Another point to note is that lexical similarity can be computed at various granularity. You can compute lexical similarity at the character level, word level (as shown earlier) or at a phrase  level (or lexical chain level) where you break a piece of text into a group of related words prior to computing similarity. Character level similarity is also known as string similarity/matching and is commonly used to determine how close two strings are. For example how close are the names 'Kavita Ganesan' and 'Kavita A Ganesan' ? Pretty close! You can use the common metrics outlined below for string similarity or you can use edit distance  type of measures to quantify how dissimilar two strings are. In essence, you are trying to compute the minimum number of operations required to transform one string into the other.

Common Metrics

Some of the most common metrics for computing similarity between two pieces of text are the Jaccard coefficient, Dice and Cosine similarity all of which have been around for a very long time. Jaccard and Dice are actually really simple as you are just dealing with sets. Here is how you can compute Jaccard:

Simply put, this is the intersection of the sets divided by the union of the sets. Your resulting value will be between [0,1], so you can set a threshold as needed. I have found that a threshold of 0.6 and above is pretty effective in detecting phrases that are similar (maximum length of phrase is 10 words). For longer texts this value could be smaller or if you only care for marginal overlap, again this value could be much smaller. The more you normalize, pre-process and filter your text (e.g. stem, remove noise, remove stop words), the better the outcome of your text similarity measure using simple measures such as Jaccard.

Where is lexical similarity used?

Clustering - if you want to group similar texts together how can you tell if two groups of text are even similar?

Redundancy removal - if two pieces of texts are so similar, why do you need both? You can always eliminate the redundant one. Think of duplicate product listings, or the same person in your database, with slight variation in the name or even html pages that are near duplicates.

Information Retrieval - you could use the more established information retrieval measures like BM25, PL2, etc. But you could also use a measure like cosine (for longer texts) or jaccard and dice for (shorter texts).

Semantic Similarity

So far, we have talked about lexical similarity. Another notion of similarity mostly explored by the NLP research community is how similar in meaning are any two phrases?  If we look at the phrases, "the cat ate the mouse" and "the mouse ate the cat food", we know that while the words significantly overlap, these two phrases actually have different meaning. Getting the meaning out of the phrases is often a more difficult task as it requires deeper level of analysis. In this example, we can actually look at simple aspects like order of words: "cat==>ate==>mouse" and "mouse==>ate==>cat food". Although the words overlap in this case, the order of occurrence is different and from that we can tell that these two phrases actually have different meaning. This is just one simple example. Most people use syntactic parsing to help with semantic similarity. Let's look at the parse trees for these two phrases. What can you get from it?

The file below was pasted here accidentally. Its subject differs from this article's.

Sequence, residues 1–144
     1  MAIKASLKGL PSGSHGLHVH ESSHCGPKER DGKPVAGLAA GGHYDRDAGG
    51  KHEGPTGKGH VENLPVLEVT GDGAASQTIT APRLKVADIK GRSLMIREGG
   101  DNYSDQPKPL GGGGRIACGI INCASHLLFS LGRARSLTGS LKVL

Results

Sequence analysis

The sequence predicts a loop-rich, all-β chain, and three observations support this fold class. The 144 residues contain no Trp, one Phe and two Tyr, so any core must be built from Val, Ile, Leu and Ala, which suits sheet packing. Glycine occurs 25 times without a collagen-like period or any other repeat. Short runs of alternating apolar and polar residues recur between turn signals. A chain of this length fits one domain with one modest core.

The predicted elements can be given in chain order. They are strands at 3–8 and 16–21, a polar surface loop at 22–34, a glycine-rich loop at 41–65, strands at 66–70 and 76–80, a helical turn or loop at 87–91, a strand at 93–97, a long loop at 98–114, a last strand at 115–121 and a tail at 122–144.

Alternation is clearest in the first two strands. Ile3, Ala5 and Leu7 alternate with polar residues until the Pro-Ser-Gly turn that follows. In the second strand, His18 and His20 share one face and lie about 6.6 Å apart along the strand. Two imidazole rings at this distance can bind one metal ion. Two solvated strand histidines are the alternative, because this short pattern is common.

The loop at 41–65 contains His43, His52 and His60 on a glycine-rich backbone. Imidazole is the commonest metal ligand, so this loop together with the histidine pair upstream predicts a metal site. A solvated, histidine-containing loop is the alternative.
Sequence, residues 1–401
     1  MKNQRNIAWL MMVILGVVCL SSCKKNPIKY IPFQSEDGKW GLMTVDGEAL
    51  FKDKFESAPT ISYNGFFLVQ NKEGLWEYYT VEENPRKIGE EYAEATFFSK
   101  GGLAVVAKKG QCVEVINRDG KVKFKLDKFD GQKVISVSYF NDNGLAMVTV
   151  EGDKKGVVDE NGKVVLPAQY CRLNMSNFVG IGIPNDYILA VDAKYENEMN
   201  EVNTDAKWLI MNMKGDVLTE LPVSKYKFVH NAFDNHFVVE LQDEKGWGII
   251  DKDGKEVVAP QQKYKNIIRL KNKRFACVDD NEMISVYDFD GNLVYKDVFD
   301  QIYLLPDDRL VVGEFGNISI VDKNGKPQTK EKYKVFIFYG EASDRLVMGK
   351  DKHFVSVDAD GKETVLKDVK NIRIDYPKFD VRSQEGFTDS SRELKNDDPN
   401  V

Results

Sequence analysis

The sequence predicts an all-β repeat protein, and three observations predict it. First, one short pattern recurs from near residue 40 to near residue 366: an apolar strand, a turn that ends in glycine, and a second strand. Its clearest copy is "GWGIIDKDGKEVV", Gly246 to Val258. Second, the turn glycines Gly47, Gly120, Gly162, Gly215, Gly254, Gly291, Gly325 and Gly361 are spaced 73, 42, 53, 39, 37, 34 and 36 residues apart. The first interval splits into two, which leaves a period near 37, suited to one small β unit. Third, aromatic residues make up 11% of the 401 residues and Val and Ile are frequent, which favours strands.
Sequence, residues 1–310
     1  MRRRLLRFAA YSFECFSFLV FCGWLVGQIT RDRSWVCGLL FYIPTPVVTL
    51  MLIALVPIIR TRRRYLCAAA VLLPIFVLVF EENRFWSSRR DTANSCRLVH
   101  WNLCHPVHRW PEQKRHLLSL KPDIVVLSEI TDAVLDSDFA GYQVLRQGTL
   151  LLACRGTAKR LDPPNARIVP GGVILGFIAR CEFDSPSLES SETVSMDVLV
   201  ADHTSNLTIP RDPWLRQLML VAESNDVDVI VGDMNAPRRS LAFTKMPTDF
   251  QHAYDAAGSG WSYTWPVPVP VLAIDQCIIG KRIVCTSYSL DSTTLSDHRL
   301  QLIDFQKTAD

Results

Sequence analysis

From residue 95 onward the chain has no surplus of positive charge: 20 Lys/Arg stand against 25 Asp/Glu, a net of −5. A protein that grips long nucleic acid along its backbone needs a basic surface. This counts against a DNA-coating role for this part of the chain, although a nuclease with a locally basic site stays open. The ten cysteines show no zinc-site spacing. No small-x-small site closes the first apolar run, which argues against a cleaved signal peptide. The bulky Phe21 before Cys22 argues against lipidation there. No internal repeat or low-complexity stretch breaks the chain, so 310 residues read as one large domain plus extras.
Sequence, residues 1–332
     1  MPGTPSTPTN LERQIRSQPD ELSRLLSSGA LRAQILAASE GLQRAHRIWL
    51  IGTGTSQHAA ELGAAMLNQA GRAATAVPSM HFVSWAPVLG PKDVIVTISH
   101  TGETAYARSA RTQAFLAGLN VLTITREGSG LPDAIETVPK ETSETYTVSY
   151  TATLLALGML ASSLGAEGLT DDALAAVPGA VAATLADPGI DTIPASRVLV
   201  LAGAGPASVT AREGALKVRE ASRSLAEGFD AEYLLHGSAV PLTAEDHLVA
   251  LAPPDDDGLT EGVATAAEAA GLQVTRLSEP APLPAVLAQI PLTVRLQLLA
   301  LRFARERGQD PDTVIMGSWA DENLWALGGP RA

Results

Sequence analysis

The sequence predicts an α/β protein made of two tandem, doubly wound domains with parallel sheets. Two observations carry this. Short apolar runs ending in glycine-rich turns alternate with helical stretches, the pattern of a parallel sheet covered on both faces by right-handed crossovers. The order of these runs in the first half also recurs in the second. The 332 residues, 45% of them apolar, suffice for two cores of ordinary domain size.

You can get phrases out of the parse (e.g. "cat food"), dependency structure (e.g. mouse is the object of ate in the first case and food is the object of ate in the second case) as well as parts of speech (nouns, verbs, adjectives and etc.)  - all of which can be used in different ways to estimate semantic similarity. Semantic similarity is often used to address NLP tasks such as paraphrase identification and automatic question answering. To get a better understanding of semantic similarity and paraphrasing you can refer to some of the articles below.

Text Similarity Tools and APIs

Related Articles:

Getting Started with Spark on Windows

This article talks about how to get started with the Spark shell on Windows. Based on the documentation on Spark's website it seemed like a breeze to get started. But, there were several mistakes I made which took me longer to get started than I had expected. This is what worked for me on a Windows machine:
  1. First, download Spark with a hadoop distribution:

  2. Next, go to Windows=>Run and type cmd to get the DOS command prompt.

    *Note: Take note that Cygwin may not work. You will have to use the DOS prompt.

  3. Change directory into the Spark installation directory (home directory)

  4. Next, at the command prompt, type
  5. You should see something like this:

  6. Once Spark has started, you will see a prompt "scala>".

  7. If Spark correctly initialized, if you type:
    val k=5+5  
    at the command prompt, you should get back:
    k: Int = 10
    If you don't then Spark did not start correctly.

  8. Another check to do is to go to your Web browser and type http://localhost:port_that_spark_started_on. This value can be found in the start up screen. It is usually 4040, but it can be some other value if Spark had issues binding to that specific port.

Scheduling Automatic Restart of Windows 7

One of the lessons I have learnt with server administration is that after a while of running tomcat servers, the system can get really sluggish from all the "living objects". One of the solutions for this is to do a daily scheduled reboot of the server to keep the system fresh and performing at its best (of course you also need to fix the reason as to why objects are not being pushed into garbage collection).